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GPER-induced signaling is essential for the survival of breast cancer stem cells.

  • Author(s): Chan, Yu-Tzu;
  • Lai, Alan C-Y;
  • Lin, Ruey-Jen;
  • Wang, Ya-Hui;
  • Wang, Yi-Ting;
  • Chang, Wen-Wei;
  • Wu, Hsin-Yi;
  • Lin, Yu-Ju;
  • Chang, Wen-Ying;
  • Wu, Jen-Chine;
  • Yu, Jyh-Cherng;
  • Chen, Yu-Ju;
  • Yu, Alice L
  • et al.

Published Web Location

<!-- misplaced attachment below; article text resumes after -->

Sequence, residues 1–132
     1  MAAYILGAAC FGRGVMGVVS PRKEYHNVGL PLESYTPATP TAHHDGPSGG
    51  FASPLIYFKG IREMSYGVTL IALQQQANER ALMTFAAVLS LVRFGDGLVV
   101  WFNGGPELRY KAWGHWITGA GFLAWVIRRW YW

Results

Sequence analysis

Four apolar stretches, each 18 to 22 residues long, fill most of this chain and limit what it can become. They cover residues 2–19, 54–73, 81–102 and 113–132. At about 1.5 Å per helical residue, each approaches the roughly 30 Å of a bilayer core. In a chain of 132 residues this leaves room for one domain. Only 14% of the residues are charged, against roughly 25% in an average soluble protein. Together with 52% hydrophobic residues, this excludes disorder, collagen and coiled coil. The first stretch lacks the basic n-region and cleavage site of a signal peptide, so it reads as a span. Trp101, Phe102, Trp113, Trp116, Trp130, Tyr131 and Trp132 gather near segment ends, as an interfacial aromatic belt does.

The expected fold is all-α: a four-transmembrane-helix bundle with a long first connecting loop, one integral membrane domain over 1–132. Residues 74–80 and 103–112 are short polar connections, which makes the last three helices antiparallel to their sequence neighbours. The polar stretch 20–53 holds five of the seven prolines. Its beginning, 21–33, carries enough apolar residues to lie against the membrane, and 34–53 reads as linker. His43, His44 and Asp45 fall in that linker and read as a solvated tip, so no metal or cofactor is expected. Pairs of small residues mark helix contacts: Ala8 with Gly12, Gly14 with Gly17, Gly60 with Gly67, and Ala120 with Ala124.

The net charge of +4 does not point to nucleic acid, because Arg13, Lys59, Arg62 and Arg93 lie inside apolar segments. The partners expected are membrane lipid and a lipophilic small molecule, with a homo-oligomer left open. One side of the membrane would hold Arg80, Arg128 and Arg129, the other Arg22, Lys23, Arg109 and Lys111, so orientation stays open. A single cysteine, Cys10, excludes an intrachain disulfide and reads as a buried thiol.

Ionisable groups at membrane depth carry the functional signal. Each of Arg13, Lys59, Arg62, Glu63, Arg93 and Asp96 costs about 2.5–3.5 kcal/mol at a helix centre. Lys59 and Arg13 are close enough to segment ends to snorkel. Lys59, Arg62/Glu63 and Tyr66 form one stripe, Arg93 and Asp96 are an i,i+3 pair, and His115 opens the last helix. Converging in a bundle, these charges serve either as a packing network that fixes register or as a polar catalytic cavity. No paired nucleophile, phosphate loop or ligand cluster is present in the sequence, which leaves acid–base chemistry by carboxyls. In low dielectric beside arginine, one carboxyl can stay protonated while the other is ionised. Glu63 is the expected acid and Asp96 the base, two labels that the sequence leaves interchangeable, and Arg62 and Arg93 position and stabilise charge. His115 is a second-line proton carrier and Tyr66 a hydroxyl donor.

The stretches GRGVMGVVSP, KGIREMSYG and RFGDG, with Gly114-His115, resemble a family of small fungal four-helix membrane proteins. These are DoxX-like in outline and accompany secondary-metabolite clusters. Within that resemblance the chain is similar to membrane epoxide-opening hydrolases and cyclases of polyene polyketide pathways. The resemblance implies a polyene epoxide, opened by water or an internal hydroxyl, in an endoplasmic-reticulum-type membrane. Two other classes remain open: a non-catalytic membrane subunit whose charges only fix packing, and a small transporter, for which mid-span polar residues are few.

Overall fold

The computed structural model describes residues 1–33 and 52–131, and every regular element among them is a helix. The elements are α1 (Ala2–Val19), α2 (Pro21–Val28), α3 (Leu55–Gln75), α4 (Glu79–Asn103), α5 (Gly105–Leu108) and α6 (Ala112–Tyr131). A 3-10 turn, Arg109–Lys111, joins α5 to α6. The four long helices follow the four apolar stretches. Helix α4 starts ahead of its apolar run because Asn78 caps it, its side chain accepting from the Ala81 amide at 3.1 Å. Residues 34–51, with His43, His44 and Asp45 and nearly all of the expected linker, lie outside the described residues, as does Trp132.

G protein-coupled estrogen receptor-1 (GPER), a member of the G protein-coupled receptor (GPCR) superfamily, mediates estrogen-induced proliferation of normal and malignant breast epithelial cells. However, its role in breast cancer stem cells (BCSCs) remains unclear. Here we showed greater expression of GPER in BCSCs than non-BCSCs of three patient-derived xenografts of ER- /PR+ breast cancers. GPER silencing reduced stemness features of BCSCs as reflected by reduced mammosphere forming capacity in vitro, and tumor growth in vivo with decreased BCSC populations. Comparative phosphoproteomics revealed greater GPER-mediated PKA/BAD signaling in BCSCs. Activation of GPER by its ligands, including tamoxifen (TMX), induced phosphorylation of PKA and BAD-Ser118 to sustain BCSC characteristics. Transfection with a dominant-negative mutant BAD (Ser118Ala) led to reduced cell survival. Taken together, GPER and its downstream signaling play a key role in maintaining the stemness of BCSCs, suggesting that GPER is a potential therapeutic target for eradicating BCSCs.

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